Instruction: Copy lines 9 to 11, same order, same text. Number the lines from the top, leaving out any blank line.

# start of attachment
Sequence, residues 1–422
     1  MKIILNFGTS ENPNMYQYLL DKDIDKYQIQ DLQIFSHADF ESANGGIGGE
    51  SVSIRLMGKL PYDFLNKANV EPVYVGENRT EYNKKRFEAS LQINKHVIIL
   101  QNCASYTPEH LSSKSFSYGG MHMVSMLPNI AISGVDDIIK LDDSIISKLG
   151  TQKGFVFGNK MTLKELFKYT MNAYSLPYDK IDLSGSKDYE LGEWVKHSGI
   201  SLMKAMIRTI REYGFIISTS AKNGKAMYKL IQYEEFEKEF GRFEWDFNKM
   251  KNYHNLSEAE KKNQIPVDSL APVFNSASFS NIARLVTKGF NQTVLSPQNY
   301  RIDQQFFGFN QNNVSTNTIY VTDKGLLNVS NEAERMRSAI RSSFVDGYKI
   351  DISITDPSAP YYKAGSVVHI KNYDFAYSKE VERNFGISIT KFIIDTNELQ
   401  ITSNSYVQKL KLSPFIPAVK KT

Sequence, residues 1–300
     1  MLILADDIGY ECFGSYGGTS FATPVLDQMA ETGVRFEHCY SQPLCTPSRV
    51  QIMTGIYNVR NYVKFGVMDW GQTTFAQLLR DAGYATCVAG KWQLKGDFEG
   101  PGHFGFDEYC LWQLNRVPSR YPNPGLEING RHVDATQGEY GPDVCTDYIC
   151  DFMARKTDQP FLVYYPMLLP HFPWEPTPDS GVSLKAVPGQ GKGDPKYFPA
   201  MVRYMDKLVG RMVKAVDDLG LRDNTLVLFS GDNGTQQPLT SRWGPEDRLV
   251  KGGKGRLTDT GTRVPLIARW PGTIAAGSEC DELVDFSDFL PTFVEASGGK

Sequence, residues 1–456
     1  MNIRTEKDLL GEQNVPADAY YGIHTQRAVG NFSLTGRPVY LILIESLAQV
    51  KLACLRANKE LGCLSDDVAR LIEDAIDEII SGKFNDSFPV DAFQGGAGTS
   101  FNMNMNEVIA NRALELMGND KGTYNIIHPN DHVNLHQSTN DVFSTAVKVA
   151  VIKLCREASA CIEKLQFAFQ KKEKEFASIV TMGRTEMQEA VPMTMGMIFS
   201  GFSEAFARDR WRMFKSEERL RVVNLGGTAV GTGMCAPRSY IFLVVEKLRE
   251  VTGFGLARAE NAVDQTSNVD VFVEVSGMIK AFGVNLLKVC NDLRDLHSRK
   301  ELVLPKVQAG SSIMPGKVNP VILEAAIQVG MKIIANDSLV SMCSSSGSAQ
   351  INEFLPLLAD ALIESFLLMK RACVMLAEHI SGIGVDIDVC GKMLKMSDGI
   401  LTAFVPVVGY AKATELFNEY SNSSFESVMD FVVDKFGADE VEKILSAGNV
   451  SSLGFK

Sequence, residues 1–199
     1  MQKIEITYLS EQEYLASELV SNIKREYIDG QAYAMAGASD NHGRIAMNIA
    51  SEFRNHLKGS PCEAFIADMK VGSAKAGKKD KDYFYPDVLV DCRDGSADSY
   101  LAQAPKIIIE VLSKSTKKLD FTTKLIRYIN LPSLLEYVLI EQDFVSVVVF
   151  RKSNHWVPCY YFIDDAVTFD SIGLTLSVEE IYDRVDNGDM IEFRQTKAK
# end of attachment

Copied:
   351  DISITDPSAP YYKAGSVVHI KNYDFAYSKE VERNFGISIT KFIIDTNELQ
   401  ITSNSYVQKL KLSPFIPAVK KT

Sequence, residues 1–300